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Pacific Coast Collegiate Jazz Festival

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The Pacific Coast Collegiate Jazz Festival (PCCJF), later renamed the Pacific Coast Jazz Festival, was held on the campus of the University of California, Berkeley from the early 1970’s to the early 2000's.[1] The host, the University of California Jazz Ensembles, invited musicians from California, Oregon, Washington, and other western states bands to perform during a weekend event held annually in April. For several years held on the campus of Cal State Northridge, Dr. David W. Tucker, the first director of the UC Jazz Ensembles, offered to organize and present the festival under its new name after Cal State Northridge decided it would no longer host the event.

Professional jazz musicians appeared as clinicians and guest soloists with the premier Wednesday Night Band of the host UC Jazz Ensembles at the Saturday night concert and awards ceremony. The festival was administered solely by staff and student members of the UC Jazz Ensembles. Performance venues included Zellerbach Auditorium and Pauley Ballroom on the UC Berkeley campus. Best Music Company of Oakland provided a scholarship award to the student musician judged most outstanding.[2]

Initially a competition for collegiate vocalists, combos, and big bands, the festival expanded to include high school competitors and was re-named the Pacific Coast Jazz Festival. It proved to be a major recruiting tool for high school jazz musicians who had considered and had the academic qualifications to enroll at the University of California, Berkeley.

The festival was one of the eight regional collegiate festivals in the American Collegiate Jazz Festival program.[3] 
The American College Jazz Festival, which was established in 1968, took place at these regional sites throughout the United States, but disbanded in 1973. Of the various regional collegiate festivals, the Notre Dame Collegiate Jazz Festival and Elmhurst College Jazz Festival continue.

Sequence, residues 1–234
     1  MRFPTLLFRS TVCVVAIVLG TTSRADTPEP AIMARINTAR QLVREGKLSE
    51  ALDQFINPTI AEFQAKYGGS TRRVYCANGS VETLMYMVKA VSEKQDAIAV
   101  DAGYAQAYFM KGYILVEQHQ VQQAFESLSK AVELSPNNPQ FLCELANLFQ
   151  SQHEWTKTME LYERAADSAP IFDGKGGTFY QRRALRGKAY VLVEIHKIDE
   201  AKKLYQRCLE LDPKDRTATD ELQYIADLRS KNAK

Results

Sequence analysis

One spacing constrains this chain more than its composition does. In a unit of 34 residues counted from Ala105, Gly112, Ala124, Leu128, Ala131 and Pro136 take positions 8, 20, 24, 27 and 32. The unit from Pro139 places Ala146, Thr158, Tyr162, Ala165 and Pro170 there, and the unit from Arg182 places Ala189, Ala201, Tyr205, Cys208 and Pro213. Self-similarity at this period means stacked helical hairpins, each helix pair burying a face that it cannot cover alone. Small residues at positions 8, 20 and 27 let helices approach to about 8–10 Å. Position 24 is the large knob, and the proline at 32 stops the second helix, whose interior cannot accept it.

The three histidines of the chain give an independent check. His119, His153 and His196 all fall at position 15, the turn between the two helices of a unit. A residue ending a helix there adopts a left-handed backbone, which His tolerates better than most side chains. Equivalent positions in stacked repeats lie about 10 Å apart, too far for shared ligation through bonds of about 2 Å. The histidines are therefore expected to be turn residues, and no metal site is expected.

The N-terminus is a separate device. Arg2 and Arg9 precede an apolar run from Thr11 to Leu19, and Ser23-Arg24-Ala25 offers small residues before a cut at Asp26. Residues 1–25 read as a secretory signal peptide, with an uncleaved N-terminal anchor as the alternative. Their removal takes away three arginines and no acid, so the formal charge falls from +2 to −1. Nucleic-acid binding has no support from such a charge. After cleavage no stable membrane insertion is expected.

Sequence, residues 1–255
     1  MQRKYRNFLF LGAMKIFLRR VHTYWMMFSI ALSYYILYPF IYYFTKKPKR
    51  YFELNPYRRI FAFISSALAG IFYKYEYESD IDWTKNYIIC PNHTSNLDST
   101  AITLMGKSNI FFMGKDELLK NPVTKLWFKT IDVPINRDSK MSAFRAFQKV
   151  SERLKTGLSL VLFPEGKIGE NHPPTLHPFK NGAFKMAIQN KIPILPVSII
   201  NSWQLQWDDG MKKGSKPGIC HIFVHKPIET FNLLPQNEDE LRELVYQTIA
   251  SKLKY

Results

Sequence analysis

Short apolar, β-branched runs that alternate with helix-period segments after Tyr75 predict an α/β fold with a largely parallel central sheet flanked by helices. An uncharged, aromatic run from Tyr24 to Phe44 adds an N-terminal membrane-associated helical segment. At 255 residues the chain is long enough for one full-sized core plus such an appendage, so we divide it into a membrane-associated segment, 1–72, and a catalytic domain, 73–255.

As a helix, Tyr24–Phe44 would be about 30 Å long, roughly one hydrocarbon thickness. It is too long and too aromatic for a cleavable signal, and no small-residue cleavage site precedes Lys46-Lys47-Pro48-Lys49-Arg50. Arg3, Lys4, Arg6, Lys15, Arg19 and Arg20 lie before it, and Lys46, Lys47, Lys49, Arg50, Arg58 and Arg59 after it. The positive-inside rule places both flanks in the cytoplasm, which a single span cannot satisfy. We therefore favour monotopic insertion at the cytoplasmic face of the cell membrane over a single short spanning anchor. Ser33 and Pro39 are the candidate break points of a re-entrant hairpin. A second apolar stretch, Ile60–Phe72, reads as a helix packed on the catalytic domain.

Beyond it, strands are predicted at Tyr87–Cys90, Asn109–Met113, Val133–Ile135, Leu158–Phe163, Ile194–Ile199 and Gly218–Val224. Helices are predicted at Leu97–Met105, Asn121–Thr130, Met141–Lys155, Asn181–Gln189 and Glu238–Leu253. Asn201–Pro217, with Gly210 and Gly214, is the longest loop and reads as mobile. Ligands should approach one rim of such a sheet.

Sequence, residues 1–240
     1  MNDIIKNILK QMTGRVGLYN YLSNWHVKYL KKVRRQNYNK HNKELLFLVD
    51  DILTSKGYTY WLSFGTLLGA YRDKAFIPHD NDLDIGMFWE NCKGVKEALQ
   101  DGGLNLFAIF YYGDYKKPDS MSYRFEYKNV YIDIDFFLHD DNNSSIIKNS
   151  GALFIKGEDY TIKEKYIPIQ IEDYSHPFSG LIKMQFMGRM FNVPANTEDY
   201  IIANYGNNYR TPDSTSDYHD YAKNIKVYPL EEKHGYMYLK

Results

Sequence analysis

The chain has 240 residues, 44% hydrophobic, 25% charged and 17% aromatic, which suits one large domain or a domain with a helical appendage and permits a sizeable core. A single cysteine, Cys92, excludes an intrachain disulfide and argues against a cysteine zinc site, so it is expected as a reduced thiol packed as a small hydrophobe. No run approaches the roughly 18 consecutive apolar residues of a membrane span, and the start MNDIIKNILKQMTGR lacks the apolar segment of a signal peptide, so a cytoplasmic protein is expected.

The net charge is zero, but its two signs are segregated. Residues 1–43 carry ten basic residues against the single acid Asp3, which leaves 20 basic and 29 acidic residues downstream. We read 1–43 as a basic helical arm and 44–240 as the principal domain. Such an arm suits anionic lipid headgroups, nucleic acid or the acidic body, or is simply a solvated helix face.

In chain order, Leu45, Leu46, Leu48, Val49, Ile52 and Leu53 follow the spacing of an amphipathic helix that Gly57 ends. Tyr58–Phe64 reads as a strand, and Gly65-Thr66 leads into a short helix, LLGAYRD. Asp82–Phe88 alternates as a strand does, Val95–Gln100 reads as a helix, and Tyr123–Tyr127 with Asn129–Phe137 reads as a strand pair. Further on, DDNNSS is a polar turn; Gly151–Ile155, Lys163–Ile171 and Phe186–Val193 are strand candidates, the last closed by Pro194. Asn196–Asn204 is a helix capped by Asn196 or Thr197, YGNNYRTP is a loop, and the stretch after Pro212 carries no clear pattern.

In its later years the festival was underwritten by See’s Candy of the San Francisco Bay Area. After the death of the youngest child, Charles B. "Harry" See (1921-1999), of the founders Charles See and his wife Florence (founders in 1921 along with his mother Mary) sponsorship ceased and the PCJF was terminated due to lack of funding. The decision to cease sponsorship was made by Warren Buffett, as president of Berkshire Hathaway Corporation, which had purchased See’s in 1972. A professionally-administered, non-collegiate jazz festival, the Berkeley Jazz Festival, was created in Berkeley with performances held in the Greek Theatre on the UC Berkeley campus.

Competing against the finest big bands from the Los Angeles area, many of which had members who were studio musicians who enrolled in jazz band to keep their “chops” in shape, the host UC Jazz Ensembles Wednesday Night Band won third place in the big band division in the 1974 PCCJF. They tied for third with the big band from UCLA,[4] home of a renowned jazz education program. The following year, at the 1975 festival, the Wednesday Night Band won second place.[5]

The victories for the UC Jazz program were remarkable achievements for an organization that was founded by students in the Fall of 1967 and obtained their first professional director, “Doc” Tucker, in the Fall of 1968. [6]

See also encyc.org/wiki/Pacific_Coast_Jazz_Festival

Guest Soloists and Clinicians

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In the media

Never Split Tens!, a novel based on the life of pioneering blackjack probability theorist Edward O. Thorp, by Les Golden and published in 2017 by Springer features a scene from the Pacific Coast Collegiate Jazz Festival and numerous musicians from the Jazz Ensembles including director Dr. David W. Tucker, saxophonist and assistant director David LeFebvre, pianist and steel drummer Andy Narell, and co-founders Bob Docken and Rick Penner as well as Golden as the emcee of the Pacific Coast Collegiate Jazz Festival.

References

  1. ^ 1974, “Jazz Festival,” The Argus, Fremont, California, April 19
  2. ^ Cowan, Peter, “It’s Jazz, Jazz, Jazz at Berkeley,” Oakland Tribune, April 5, 1975, p. 12-E
  3. ^ http://www.elmhurst.edu/jazzfestival
  4. ^ Byron “Rocky” Davis, reminded the editor in a personal communication, March 2, 2017
  5. ^ “De Anza Band Wins Jazz Fest,” Oakland Tribune, April 8, 1975
  6. ^ Golden, Leslie (May 17, 1968), “Jazz Enthusiasts Organize Big, New ‘ASUC Ensembles’”, The Daily Californian, 198, 38, p. 1

External links

Template:University of California, Berkeley